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Fight or Flight

By Dr. Jim Ferguson
Recent remarks in the media and by our leaders regarding the Zimmerman trial caused me to reflect on a paper that recently appeared in the prestigious New England Journal of Medicine (NEJM).  I first heard of the fight or flight response in health class which we all had to take in junior high school.  I later learned in a college physiology course that our bodies are designed to shift into another gear when confronted by perceived danger.

Just as your car shifts into a more powerful gear for passing, your body releases the fight or flight hormone, adrenaline, that augments your faculties.  Most of us have experienced fear, and some people who have anxiety disorders experience the sensation of fear even without an identifiable source.  Have you ever had a near collision on the highway or awakened from a nightmare?  If so, you can imagine the persistent anxiety/fear that some people feel for inexplicable reasons.

The trite saying goes, “Cold feet, warm heart; smelly feet, no sweetheart.”  Adrenaline released in a stressful situation causes an increase in heart rate and constriction of the superficial blood vessels in the skin to shunt more blood to deeper areas and limit blood loss in the event of injury.  Adrenaline also makes us feel a bit clammy in stressful situations and produces a lot of deodorant sales in western society where body odor is not as acceptable as in other cultures!

An adrenal gland sits atop each of our two kidneys.  These glands produce sex hormones and others aiding salt (sodium) and potassium balance.  The adrenal glands also produce crisis hormones like adrenaline and hydrocortisone; the latter was the focus of the NEJM article.  Hydrocortisone is not only for stress, it also helps maintains blood vessel integrity and vascular volume.  Some of you are old enough to remember President John F. Kennedy.  It turns out that President Kennedy’s tanned look was in part due to Addison’s disease, a condition with deficiency of hydrocortisone.  He almost died with the stress of anesthesia and back surgery because his problem was not known to his doctors beforehand.

Patients in a medical crisis sometimes develop a condition known as SIRS or systemic inflammatory response syndrome.  This condition can be caused by infection or possibly from the dysregulation of normal defense mechanisms to nonspecific inflammation.  The normal response to danger or illness is a stimulation of the adrenal gland and the pituitary or Master Gland.  This results in the release of adrenaline and hydrocortisone to mitigate and balance the cytokines (proteins) of inflammation.  If not successful, edema, shock and organ failure may result.

For more than fifty years the anti-inflammatory effects of hydrocortisone have been know and utilized by doctors.  When the first hydrocortisone agents were available and used on patients with severe rheumatoid arthritis, these drugs were called miracle agents because patients literally threw down their crutches and began to walk.  However, it didn’t take long to observe massive swelling and diabetic side effects of “steroid” therapy.  Additionally, osteoporosis and immune system dysfunction with infection frequently occur.  Now days, we use various hydrocortisone derivatives like prednisone and dexamethasone, but in the smallest doses and for the shortest periods possible.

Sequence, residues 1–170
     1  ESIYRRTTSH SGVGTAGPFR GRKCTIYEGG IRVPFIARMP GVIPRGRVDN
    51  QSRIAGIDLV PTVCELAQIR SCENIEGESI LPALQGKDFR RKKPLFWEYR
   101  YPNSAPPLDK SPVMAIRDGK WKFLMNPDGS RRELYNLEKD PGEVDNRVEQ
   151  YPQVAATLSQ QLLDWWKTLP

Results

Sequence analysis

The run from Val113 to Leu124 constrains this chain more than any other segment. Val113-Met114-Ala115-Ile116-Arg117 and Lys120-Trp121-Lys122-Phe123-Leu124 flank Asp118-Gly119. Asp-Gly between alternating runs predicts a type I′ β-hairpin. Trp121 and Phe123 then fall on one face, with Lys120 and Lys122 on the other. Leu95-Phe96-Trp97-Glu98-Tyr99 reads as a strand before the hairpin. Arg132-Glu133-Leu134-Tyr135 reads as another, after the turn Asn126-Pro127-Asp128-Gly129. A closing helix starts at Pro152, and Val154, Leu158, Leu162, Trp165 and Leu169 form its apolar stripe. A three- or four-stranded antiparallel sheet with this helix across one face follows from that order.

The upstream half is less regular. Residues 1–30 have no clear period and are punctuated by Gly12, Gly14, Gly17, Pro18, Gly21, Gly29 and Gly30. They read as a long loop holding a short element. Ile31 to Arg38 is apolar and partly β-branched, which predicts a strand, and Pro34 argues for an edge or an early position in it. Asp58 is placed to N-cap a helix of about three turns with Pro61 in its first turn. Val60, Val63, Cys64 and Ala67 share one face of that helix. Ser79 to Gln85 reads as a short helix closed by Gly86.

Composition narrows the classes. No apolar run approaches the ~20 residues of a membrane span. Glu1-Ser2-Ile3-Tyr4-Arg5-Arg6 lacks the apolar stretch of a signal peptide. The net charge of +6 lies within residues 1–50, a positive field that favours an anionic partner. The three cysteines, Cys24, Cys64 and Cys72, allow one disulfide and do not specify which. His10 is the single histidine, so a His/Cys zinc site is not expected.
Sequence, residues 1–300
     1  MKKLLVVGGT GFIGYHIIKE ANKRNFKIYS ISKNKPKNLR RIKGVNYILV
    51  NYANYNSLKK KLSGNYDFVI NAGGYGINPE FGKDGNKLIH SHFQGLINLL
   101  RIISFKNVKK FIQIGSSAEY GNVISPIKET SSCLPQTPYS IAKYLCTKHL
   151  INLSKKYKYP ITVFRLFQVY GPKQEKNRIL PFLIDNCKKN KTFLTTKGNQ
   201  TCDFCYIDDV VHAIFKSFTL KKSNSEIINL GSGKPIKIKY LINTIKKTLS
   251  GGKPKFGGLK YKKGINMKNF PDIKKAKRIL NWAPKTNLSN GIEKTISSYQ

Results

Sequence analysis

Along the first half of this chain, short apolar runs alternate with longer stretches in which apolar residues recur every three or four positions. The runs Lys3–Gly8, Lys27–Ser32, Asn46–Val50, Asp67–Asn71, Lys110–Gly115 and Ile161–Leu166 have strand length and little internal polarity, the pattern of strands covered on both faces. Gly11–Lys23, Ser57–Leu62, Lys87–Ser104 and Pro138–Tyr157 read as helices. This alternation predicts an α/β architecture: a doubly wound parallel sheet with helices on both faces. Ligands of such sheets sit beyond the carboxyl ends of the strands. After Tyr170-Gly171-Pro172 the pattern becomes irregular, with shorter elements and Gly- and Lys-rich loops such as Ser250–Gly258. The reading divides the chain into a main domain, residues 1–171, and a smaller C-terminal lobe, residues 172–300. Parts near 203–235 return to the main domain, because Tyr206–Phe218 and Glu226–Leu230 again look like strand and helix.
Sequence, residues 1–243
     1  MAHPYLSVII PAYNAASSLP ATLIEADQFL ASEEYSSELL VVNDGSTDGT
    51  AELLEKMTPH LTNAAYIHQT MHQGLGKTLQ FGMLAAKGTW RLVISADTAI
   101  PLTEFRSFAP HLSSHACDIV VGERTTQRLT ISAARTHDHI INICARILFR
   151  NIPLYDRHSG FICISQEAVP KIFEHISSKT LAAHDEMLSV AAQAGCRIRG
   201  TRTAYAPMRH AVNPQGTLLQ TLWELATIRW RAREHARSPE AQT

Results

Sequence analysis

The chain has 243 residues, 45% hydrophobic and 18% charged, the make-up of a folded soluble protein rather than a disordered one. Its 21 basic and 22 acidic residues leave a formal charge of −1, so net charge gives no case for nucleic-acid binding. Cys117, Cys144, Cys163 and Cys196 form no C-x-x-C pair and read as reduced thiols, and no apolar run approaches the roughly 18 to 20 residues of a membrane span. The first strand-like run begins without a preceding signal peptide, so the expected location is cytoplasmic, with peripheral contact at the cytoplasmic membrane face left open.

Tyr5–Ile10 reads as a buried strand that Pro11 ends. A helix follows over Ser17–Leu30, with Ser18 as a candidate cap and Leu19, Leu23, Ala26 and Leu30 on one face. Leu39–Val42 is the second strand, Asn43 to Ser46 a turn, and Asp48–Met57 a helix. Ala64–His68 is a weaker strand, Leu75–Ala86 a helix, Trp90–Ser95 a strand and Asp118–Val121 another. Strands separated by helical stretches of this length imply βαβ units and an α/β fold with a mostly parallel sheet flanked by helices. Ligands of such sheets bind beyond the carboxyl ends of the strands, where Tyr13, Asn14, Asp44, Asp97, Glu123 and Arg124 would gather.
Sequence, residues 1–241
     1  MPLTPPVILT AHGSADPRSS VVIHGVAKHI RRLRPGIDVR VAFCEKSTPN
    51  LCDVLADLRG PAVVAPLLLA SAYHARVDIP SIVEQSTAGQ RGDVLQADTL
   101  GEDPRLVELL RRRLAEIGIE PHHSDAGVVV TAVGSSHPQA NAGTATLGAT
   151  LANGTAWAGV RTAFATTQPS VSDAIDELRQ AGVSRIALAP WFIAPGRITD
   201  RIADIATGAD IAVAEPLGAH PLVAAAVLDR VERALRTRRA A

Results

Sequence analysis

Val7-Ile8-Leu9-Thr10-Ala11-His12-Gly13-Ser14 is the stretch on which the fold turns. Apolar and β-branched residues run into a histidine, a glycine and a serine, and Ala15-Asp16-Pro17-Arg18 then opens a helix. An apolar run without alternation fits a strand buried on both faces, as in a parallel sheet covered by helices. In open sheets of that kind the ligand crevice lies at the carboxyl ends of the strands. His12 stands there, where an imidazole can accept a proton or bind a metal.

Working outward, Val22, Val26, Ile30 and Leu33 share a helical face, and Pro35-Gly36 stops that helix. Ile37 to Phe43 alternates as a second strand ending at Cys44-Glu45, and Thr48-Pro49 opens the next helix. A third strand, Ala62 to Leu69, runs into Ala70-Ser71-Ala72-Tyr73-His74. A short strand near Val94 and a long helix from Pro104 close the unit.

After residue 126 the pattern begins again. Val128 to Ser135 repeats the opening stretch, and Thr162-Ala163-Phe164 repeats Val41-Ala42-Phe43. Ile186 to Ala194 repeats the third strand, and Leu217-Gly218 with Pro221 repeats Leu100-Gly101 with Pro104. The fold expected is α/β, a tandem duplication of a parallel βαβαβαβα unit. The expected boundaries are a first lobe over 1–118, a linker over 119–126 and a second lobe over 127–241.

Long ago when I was in training there was an axiom that no one in shock should be denied a trial of hydrocortisone in the hopes of stabilizing an otherwise desperate situation.  However, numerous scientific studies have led to conflicting results of this desperate therapy.  The NEJM study by Boonen and others was fascinating for a mechanistic internist like me.  Without delving into the intricacies of the science, the conclusion is that there is massive stimulation of the adrenals in severe illness and alteration in circulating hydrocortisone from metabolic changes during illness.  The missing explanation for the clinical picture may be dysfunction of the blood vessels within the adrenal glands caused by the circulating inflammatory proteins (cytokines).  SIRS and shock with adrenal gland dysfunction may result in death from organ failure.

Science operates from the position of reductionism.  In other words, to understand a complicated system you take it apart to see how each piece functions.  We don’t have this option in medicine and have to study systems in an indirect way as Boonen and his colleagues did.  There was a famous Star Trek episode where the experts wanted to take the “robot” character, Data, apart to understand how he functioned.  This would have led to Data’s death.  A trial was held to determine whether Data was an independent being with rights and privileges, or whether he was property to be disassembled for the “greater good.”  Fortunately, justice prevailed and Data won his freedom and his life.

Our country is in trouble and divided like no time since the Civil War.  I wrote an essay for the News Sentinel a few years ago called The Barely Civil War, and it has only gotten worse.  I don’t know how it will end, but many have compared the path of our country to that of Rome.  The Romans sacrificed their freedom and republic for prosperity and false security with the tyranny of the Caesars.

The rancor and strife in our body politic are stimulating our nervous systems and hormones.  I’ve concluded I have no place to flee.  As a consequence I must stay and fight, though I’m not sure how healthy this is.

 

 

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